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conway stewart doctor's pen


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#1 davyr

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Posted 16 November 2005 - 06:29

i've been looking for a reliable, everyday workhorse pen. although i have a penchant for large pens and some limited editions, those are usually not appropriate or suitable for work. imagine my surprise then, when i received an email from kevin cheng (winedoc) of internet pens, announcing his conway stewart doctor's pen. mild mannered kevin (or should i say dr. cheng), a pain specialist by day, a superhero pen dealer by night, was interested in introducing a classy, practical fountain pen for doctors. with mary burke, the us rep for cs, they worked closely together with cs and developed the pen you see here.

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it's based on the cs 100, and you can find kendallj's excellent review here:
The Conway Stewart 100 "Peppered White"
i think this was a wise decision, as the size is average i.e. practical. it fits nicely in a shirt pocket or jacket. the churchill, a larger pen, definately spills over a shirt pocket. it's made of ebonite, which is chased in a diamond pattern of alternating stripes. there is a striking bicolor look, with the body, section and cap in black, and the trim in sterling silver. the cap band differs from the regular 100 in that it is a wide strip of silver, rather than three stripes. the band has a laser engraved cadeueus anteriorly, which i guess is mandatory in keeping with the doctor theme. posteriorly on the band is the motto "primum non nocere," latin for "first collect the bill." :) sorry, bad taste. just kidding, of course, it means "first do no harm." "semper ubi sub ubi" would also have been equally appropriate. the pen is limited to 50, with the first 25 having an internal piston filling mechanism, and the last 25 c/c filler. mine is lucky #7.

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time out now for big ups to my man kevin cheng. i had the chance to meet kev and his brother tom (also a physician) at the dc supershow a few months ago. i had just recently started getting into fountain pens, and he gave me a nice primer on the art of maki-e. i drooled over the hundreds (or at least dozens) of danitrios there, and he talked me into purchasing a mikado-sized tamenuri. i subsequently bought more pens from his website, and i have to say that there's virtually no difference b/t buying from internet pens vs a b&m store, except that you have to wait a couple of days for your pen. if you require service, which i did a couple of times, he takes care of you promptly, efficiently, and utterly. a total gent. big ups to kev! i'm obviously a very satisfied customer. and no, he didn't give me a discount to say that. :)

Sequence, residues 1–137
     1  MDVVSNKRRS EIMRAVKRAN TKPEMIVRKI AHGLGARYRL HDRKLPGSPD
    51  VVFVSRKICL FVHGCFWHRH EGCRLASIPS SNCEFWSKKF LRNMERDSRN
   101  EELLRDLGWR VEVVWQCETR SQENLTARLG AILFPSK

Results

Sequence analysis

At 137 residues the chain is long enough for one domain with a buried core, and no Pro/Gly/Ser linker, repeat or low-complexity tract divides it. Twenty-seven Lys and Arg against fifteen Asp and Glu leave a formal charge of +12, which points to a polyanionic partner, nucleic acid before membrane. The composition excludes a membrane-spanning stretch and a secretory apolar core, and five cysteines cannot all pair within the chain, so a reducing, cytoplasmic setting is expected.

the packaging is pretty nice, with green leather-like outer and inner boxes. but wait, no stethoscope, otoscope or rubber hammer? ;)

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the pen is well balanced whether posted or not, and is lightweight ebonite. the cap posts securely, and the pen is not overly long when posted. it uncaps in a little over one turn. the clip is the typical washer type found on other 100 models. it's 13.8 cm long, 13 cm uncapped, and about 3.6 cm in diameter for the section. the nib is bicolor 18k gold, the majority rhodinated, with a yellow gold diamond cs logo. i chose the italic medium point, which to me is really more like a stub or cursive italic. the corners are fairly rounded and thus allow for smooth, easy, quick writing, with some line variation. the feel of nib to paper is exquisite. the flow is generous. this pen is well suited for work. the computer has largely replaced the pen in my line of work, but i do need a pen to sign roughly 40 documents a day, and for the occasional brief note or much abbreviated history & physical. personally, i would feel self-conscious if i pulled out a flashy sterling silver pen, a humongo pen or a crazy limited edition pen in front of a patient, for the rare occassions that i see one. no such feeling with this cs.

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the filling system is internal piston. the piston knob is accessed by unscrewing the blind cap. i think it's a definately a step up from a cartridge/convertor system. the fit and finish is extremely fine. manufacturing tolerances here are tight. the body and cap are gently curved. there's a black plastic pointed cap "jewel", and the blind cap also ends in a similar point.